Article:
Singing the Blues
THEY ARE CANNIBALISTIC. Their jaws have sharp teeth. Their eyes are the color of a Louisiana Catahoula leopard dog, yellow and as menacing and off-putting as an amber-eyed fish can be. Their insides are the color of old gray porch paint and dried blood.
You will not find them featured on any local restaurant’s menu, no matter how local or “dock to dish” they claim to be. If they are even sold at the local fishmonger’s shop, they are the cheapest item in the store. Their flesh spoils quickly.
What are we talking about? Just one of the most delicious, underrated, and overlooked fish in our waters. It was once an all-time favorite meal of Long Islanders, from old East Hampton families to Walt Whitman (who loved them, he said, even more than porgies): Pomatomus saltatrix, the only extant species of the family Pomatomidae. In other words, the bluefish.
Having grown up in Virginia, I spent a good bit of time fishing the Chesapeake Bay. The blues, “snappers” when they are young, are prized as feisty fighters, and we all thought they were delicious . . . when fresh. Youth and freshness are the key with bluefish.
You have to go back into ancient editions of the Ladies Village Improvement Society cookbooks — or peruse a church cook booklet from Springs or Amagansett — to find recipes for bluefish; more contemporary cookbooks give them short shrift. You can still buy an excellent smoked blue at the Seafood Shop in Wainscott (when available), which is just the thing with a horseradish-y dip.
One recipe I found in the L.V.I.S. Centennial Cookbook committed the cardinal sin of combining fish with cheese — Roquefort, no less! Well, I suppose that’s one way to smother the fishy taste, if you’re not a real fish-lover: Roquefort, Parmesan, garlic, shallots, and then lemon. Some other old-fashioned recipes of yore call for a layer of mayonnaise before broiling, perhaps enhanced with Dijon mustard or old Bay seasoning or lemon.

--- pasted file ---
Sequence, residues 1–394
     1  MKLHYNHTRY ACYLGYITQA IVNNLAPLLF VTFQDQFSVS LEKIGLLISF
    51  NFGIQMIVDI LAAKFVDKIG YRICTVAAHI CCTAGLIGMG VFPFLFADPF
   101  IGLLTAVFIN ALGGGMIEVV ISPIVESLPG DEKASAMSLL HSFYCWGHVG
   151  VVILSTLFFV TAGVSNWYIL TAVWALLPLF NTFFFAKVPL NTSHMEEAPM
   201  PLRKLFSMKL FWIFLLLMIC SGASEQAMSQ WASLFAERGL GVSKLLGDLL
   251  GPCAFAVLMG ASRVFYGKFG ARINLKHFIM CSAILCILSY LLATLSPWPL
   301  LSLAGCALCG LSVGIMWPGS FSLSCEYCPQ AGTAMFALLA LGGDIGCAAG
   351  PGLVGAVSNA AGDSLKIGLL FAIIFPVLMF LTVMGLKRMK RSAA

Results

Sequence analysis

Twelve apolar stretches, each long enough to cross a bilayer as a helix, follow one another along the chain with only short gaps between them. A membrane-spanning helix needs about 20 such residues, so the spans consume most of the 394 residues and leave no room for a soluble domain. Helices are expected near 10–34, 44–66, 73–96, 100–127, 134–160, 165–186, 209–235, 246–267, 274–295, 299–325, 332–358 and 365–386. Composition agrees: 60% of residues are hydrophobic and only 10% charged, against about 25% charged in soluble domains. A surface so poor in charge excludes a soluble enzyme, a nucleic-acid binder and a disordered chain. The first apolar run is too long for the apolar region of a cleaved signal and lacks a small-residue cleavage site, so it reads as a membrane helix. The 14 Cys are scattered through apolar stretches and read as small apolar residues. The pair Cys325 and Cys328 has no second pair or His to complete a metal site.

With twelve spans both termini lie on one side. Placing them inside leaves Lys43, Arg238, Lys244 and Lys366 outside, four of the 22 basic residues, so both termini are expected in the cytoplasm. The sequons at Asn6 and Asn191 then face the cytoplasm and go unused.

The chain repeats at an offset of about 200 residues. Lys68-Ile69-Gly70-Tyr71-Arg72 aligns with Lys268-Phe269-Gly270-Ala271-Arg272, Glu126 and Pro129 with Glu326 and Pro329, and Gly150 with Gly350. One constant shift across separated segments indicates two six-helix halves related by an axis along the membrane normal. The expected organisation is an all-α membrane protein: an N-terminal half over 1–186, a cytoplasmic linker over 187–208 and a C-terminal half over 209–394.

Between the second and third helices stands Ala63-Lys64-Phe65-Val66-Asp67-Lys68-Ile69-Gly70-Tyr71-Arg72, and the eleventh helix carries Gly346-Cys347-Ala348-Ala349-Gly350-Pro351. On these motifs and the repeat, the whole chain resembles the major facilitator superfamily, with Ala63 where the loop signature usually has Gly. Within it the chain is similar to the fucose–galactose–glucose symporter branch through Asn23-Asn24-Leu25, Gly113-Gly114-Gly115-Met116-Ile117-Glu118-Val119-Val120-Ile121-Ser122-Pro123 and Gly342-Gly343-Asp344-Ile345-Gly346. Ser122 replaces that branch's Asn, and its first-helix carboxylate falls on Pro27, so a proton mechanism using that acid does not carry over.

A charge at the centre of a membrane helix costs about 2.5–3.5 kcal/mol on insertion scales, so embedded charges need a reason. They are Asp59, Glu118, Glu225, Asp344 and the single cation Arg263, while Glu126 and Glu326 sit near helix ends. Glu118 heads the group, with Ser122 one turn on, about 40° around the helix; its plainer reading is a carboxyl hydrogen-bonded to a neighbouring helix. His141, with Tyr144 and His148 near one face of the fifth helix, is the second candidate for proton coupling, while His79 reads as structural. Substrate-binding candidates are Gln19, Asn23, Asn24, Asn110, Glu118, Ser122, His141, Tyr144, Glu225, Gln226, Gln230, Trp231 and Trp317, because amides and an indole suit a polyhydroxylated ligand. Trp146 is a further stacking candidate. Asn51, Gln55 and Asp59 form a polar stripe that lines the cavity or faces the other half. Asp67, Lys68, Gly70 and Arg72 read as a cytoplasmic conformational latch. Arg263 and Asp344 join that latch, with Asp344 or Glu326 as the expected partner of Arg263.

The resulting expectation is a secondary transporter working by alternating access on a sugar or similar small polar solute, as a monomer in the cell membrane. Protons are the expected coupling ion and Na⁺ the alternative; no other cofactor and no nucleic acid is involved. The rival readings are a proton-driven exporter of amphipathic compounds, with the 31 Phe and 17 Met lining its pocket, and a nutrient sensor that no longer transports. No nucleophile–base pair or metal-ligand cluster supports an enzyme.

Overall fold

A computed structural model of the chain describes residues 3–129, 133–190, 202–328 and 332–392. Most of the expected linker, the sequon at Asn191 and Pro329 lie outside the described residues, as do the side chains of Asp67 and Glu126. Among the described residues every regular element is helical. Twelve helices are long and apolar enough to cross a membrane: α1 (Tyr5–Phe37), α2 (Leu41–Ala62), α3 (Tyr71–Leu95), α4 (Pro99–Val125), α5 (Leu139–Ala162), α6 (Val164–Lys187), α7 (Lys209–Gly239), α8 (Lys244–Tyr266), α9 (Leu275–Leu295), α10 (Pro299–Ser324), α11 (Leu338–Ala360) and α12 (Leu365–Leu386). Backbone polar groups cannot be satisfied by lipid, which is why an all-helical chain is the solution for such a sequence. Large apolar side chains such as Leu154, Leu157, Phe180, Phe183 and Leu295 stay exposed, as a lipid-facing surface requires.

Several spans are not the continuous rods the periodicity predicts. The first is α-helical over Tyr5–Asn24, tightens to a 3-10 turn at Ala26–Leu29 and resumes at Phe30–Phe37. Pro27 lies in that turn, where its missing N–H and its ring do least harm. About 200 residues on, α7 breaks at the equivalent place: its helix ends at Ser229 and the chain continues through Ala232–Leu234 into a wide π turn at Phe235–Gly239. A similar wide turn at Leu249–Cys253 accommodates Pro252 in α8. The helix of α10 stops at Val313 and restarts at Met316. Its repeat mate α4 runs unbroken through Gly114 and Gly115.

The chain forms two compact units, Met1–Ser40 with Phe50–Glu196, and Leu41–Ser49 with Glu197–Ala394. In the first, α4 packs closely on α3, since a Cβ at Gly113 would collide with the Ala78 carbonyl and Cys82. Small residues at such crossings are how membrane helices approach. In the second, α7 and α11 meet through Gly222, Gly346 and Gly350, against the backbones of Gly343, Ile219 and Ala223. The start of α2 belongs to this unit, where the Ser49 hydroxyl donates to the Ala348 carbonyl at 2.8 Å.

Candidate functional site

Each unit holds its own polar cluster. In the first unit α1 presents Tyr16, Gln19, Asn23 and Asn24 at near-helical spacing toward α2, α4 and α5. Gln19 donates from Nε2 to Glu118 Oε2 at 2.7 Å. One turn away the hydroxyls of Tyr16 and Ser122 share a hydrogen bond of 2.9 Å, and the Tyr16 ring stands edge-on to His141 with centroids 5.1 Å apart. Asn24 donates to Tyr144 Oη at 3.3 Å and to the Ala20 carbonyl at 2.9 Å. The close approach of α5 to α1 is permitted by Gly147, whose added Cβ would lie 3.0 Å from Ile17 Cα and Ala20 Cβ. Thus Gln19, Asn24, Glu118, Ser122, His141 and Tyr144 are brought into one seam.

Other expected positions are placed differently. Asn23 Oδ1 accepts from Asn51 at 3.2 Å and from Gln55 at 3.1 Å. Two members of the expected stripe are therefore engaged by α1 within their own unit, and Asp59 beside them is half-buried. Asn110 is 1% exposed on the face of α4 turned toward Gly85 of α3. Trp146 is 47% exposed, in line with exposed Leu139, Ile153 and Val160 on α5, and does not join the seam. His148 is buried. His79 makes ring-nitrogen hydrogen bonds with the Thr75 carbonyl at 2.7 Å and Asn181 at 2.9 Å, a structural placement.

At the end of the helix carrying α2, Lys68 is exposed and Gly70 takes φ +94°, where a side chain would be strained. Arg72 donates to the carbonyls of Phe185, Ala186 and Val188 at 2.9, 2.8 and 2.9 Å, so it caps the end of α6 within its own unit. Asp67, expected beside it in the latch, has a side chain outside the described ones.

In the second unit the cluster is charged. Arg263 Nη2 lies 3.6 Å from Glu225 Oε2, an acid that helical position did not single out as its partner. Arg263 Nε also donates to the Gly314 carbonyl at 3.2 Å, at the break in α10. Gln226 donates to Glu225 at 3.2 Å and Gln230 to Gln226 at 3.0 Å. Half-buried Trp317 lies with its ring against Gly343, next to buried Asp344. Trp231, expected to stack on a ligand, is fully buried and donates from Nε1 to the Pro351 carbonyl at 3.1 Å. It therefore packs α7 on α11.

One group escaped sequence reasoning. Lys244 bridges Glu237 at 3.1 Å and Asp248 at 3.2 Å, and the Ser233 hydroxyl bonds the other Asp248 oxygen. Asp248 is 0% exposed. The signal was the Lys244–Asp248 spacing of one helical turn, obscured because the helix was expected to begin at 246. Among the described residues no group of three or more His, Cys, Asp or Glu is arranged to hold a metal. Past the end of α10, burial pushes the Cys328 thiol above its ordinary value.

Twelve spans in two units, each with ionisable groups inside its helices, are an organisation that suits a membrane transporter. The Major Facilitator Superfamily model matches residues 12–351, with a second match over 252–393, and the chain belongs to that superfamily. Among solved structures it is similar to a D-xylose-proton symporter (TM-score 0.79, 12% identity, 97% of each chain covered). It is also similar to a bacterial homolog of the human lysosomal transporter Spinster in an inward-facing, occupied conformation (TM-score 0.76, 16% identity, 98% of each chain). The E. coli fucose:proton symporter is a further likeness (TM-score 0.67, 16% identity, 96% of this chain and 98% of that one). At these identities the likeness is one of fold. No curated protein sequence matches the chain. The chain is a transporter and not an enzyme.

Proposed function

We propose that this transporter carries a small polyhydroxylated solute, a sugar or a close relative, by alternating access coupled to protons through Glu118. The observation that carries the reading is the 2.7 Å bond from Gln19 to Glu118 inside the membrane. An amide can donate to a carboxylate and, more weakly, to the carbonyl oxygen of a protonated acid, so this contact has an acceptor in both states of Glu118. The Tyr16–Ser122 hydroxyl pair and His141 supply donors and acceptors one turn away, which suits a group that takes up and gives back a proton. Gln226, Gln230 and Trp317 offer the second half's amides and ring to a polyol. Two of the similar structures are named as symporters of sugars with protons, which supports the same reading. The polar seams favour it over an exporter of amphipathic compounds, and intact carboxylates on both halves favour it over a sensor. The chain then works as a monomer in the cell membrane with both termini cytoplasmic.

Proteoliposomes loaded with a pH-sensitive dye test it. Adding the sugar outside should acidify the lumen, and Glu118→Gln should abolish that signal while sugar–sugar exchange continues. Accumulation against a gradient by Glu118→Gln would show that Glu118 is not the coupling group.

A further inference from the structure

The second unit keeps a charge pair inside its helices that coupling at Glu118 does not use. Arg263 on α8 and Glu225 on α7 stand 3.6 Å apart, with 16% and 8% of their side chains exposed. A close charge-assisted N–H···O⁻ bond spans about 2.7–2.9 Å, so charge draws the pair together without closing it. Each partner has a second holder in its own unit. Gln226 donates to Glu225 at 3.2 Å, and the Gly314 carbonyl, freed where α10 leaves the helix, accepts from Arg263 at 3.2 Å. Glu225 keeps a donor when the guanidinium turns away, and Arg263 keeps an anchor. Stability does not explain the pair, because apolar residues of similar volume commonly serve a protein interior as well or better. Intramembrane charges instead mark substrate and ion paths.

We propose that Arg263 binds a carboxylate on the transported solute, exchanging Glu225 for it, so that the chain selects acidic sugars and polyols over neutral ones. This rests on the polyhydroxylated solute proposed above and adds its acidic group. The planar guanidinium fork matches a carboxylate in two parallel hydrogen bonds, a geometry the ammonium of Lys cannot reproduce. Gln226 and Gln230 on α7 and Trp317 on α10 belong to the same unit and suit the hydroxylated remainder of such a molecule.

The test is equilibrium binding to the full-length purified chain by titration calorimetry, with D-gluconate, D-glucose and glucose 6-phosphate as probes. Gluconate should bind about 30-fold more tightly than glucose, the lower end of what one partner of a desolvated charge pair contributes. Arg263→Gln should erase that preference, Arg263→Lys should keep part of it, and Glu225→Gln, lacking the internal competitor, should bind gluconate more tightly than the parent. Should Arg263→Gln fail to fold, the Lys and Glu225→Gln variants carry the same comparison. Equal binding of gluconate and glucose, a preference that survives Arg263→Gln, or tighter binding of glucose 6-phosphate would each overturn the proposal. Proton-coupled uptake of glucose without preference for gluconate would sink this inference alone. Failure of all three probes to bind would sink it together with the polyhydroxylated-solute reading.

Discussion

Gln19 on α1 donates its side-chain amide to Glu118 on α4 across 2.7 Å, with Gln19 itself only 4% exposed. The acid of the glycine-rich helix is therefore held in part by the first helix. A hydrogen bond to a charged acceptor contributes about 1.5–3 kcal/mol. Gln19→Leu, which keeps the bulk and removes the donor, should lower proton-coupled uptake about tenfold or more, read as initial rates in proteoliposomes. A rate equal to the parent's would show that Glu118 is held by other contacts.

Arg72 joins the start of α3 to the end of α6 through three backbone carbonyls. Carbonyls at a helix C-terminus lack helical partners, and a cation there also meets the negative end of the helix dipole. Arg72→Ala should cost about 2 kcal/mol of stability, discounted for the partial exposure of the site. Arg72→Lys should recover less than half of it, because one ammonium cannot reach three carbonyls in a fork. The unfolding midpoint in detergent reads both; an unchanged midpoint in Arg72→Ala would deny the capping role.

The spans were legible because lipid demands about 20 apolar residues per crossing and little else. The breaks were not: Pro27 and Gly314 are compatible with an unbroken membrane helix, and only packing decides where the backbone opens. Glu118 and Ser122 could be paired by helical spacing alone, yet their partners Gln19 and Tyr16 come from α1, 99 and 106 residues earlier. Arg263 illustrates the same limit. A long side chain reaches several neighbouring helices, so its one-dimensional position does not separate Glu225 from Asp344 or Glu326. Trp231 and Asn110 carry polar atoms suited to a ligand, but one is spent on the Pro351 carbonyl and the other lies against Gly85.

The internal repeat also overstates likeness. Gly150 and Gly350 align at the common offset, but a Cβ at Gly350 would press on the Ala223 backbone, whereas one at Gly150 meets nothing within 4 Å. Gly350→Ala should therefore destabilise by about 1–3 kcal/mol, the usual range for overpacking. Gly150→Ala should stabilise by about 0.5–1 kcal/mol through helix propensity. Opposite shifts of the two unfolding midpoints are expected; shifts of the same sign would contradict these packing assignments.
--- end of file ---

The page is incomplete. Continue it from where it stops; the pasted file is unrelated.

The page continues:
The fish display at the Citarella’s in East Hampton describes bluefish as “a full-flavored, silvery dark meat high in oily-rich omega-3. Adventurous palates will love their bold ocean flavor, with lemon or a delicate gray sea salt.” Price: $7.99 per pound.
Honey, it’ll take more than that lackluster description to sell bluefish.
A few years ago my friend Tom Schaudel, one of the most talented, funny, peripatetic chefs on Long Island, was trying to sell bluefish on his menu. It just didn’t budge. Then he changed the name to “cobalt snapper.” Isn’t that alluring and romantic and delicious-sounding? That bluefish entrée sold like crazy after that.
At Lazy Point recently I came across a fellow fishing at sunset. I told him I was doing a story on bluefish. He suggested I get out my rod and get to it, they were biting. I confessed that I am better at procuring bird’s nests, if you know what I mean. Predictably, he replied that he doesn’t like them, he doesn’t eat them, he throws them back, and if he caught one, it was mine.
Within 10 minutes he presented me with a good-sized (perhaps three pounds) snapper. I gingerly took the squirmer and cleaned it immediately. This is key. With a quick dusting of Hog’s Breath seasoning from Key West and some lime wedges, I had a free and delicious omega-3 feast.
We need to bring back some respect for this Rodney Dangerfield of the Atlantic. At the very least it could become a “thing” to smoke it and turn it into a dip.
I like to douse a nicely grilled piece in a super savory barbecue sauce recipe from the Chesapeake Bay Office of Seafood Marketing, Department of Economic and Community Development. (Gosh, I miss living near the epicenter of our country’s government. That is one sexy title!)
If I haven’t convinced you, and you’re still feeling wary, take it from old Walt: “The blue fish, however, are the most delicious, to my taste,” he wrote. “Cooked while perfectly fresh, and not salted till fried, or broiled, they are fit for the most refined epicure.”